THREE men have been sentenced over "serious mob violence" during a mass brawl between rival supporters at a boxing event in Leeds.
The YEP reported in November last year how 16 men were handed jail sentences totalling more than 20 years over the violent disorder at the event at Leeds United's centenary pavilion.
Leeds Crown Court heard families had to climb into the boxing ring for safety and other youngsters had to be ushered into a cloak room as violence erupted on February 18 last year.
The widespread disruption broke out between rival fans supporting boxers who were opponents in one of the scheduled bouts at the event.
Around 700 tickets were sold for the event in which 11 amateur bouts were to be staged throughout the evening.
There had been an “exchange of insults” on social media between supporters of rival boxers from Leeds and Wakefield in the run-up to the event.
Organisers were aware of the trouble and efforts were made to separate the two groups on the night.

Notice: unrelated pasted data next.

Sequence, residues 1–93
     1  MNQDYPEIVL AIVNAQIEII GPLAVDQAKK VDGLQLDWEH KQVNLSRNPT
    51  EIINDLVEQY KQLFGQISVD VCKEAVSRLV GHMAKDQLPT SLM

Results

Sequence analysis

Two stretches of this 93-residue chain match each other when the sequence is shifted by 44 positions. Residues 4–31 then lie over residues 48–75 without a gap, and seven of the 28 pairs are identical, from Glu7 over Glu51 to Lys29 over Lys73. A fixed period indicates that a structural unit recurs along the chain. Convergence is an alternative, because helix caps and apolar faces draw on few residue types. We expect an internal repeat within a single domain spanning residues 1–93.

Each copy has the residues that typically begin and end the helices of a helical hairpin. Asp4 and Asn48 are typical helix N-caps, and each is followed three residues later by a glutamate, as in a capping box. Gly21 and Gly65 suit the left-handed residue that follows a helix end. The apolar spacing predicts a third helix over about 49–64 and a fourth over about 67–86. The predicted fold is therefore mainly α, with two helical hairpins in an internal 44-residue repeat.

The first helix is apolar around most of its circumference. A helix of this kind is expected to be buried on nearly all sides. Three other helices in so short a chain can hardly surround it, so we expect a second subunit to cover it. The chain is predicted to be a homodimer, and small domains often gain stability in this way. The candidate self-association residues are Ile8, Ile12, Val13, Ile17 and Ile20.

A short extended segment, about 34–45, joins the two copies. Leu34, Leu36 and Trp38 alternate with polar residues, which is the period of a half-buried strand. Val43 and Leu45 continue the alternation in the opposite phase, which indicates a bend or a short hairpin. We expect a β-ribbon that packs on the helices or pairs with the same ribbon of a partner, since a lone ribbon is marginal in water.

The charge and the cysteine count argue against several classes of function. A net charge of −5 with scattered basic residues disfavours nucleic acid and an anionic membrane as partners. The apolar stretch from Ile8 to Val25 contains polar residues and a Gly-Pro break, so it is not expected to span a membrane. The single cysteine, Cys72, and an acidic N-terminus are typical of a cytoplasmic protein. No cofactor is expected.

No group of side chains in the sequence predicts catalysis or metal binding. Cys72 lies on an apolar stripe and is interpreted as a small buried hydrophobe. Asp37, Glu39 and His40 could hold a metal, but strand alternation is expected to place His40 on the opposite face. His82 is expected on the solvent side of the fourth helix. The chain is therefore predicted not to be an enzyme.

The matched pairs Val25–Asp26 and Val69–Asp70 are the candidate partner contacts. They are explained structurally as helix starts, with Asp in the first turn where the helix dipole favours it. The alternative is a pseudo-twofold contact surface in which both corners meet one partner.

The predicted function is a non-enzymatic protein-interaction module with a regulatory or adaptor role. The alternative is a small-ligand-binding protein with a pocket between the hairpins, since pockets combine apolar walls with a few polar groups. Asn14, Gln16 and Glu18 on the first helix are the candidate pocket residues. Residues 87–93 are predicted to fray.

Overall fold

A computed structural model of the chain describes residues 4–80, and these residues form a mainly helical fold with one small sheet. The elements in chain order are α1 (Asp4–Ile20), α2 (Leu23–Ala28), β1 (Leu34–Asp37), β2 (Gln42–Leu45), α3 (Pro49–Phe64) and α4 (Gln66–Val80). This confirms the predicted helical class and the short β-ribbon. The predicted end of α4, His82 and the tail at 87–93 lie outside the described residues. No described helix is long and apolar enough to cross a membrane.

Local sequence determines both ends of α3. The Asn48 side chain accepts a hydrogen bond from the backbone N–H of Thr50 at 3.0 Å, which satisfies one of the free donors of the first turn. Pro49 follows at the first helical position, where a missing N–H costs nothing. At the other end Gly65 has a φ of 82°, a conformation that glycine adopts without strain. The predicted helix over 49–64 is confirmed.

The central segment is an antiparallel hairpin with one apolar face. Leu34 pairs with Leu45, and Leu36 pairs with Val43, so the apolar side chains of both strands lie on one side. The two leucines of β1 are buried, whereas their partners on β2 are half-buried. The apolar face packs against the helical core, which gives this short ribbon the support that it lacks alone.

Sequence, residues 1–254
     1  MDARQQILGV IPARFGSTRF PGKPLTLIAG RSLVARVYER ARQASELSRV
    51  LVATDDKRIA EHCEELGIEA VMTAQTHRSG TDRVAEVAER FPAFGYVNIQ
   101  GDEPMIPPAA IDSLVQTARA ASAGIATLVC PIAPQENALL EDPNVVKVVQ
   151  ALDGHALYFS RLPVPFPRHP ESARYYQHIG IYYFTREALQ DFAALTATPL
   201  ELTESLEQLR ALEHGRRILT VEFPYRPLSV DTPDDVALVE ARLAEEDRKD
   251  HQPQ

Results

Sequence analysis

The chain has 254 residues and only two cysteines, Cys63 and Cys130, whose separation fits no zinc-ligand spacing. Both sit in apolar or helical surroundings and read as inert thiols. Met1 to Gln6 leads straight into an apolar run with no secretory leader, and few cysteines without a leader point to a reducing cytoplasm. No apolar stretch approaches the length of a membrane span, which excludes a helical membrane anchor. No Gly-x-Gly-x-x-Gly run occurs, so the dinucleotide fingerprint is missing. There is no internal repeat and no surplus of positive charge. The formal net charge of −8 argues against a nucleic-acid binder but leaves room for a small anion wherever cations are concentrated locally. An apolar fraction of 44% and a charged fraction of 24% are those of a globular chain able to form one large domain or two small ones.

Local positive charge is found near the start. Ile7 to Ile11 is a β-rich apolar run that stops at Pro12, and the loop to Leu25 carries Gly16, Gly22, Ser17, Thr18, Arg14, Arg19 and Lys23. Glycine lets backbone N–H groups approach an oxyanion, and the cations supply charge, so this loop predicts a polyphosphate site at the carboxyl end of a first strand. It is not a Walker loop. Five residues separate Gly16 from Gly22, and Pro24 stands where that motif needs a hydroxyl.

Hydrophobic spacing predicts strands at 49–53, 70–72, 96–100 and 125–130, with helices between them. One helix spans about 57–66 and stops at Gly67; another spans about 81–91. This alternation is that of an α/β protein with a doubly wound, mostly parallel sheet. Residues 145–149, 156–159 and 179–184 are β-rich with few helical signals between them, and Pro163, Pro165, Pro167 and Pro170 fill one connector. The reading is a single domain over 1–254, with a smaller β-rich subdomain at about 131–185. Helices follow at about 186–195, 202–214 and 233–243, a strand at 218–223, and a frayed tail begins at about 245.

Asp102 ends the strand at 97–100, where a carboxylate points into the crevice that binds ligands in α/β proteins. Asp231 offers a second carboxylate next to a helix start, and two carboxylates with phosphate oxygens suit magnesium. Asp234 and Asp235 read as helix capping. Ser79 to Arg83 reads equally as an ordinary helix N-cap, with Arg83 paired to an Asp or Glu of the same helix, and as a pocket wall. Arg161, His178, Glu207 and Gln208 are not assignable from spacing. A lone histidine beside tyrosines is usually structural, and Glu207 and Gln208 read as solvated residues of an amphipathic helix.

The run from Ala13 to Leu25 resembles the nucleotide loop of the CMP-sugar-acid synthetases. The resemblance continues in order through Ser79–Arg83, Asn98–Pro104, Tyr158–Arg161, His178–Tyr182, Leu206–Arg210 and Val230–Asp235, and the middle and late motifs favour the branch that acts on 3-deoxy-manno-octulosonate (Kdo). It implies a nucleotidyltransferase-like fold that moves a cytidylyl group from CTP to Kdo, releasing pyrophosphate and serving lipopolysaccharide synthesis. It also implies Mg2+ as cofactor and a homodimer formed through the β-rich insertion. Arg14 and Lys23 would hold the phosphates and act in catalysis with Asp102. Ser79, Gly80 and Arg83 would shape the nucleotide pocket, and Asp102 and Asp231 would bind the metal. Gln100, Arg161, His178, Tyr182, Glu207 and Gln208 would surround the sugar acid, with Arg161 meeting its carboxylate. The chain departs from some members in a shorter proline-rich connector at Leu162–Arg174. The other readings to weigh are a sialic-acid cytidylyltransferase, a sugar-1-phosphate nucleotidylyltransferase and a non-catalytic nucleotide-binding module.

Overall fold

At the end of the fight the bell sounded and there was incident between one of the boxers and his opponent’s trainer which acted as a “catalyst” for the violence.
The court heard people pushed forward and chairs were thrown as around 50 people began fighting with each other, including women.
Security guards were powerless to stop the fighting which lasted around 15 minutes.
Prosecutor Philip Adams said: “The scene was one of total chaos.”
Security staff ushered injured people and children into a cloakroom for safety.
One man was struck on the back of the head and wounded.
Fighting also continued outside the venue.
Much of the incident was captured on CCTV and people took mobile phone footage which was later posted on Youtube.
Those sentenced today were: Andrew Briers, 33, of no fixed address, jailed for 22 months after he pleaded guilty to violent disorder.
Barry Lyons, 44, of Towe Mount, Leeds, jailed for eight months after pleading guilty to violent disorder.
Ryan McDonagh, 37, was six months, suspended for two years, plus £500 costs after pleading guilty to affray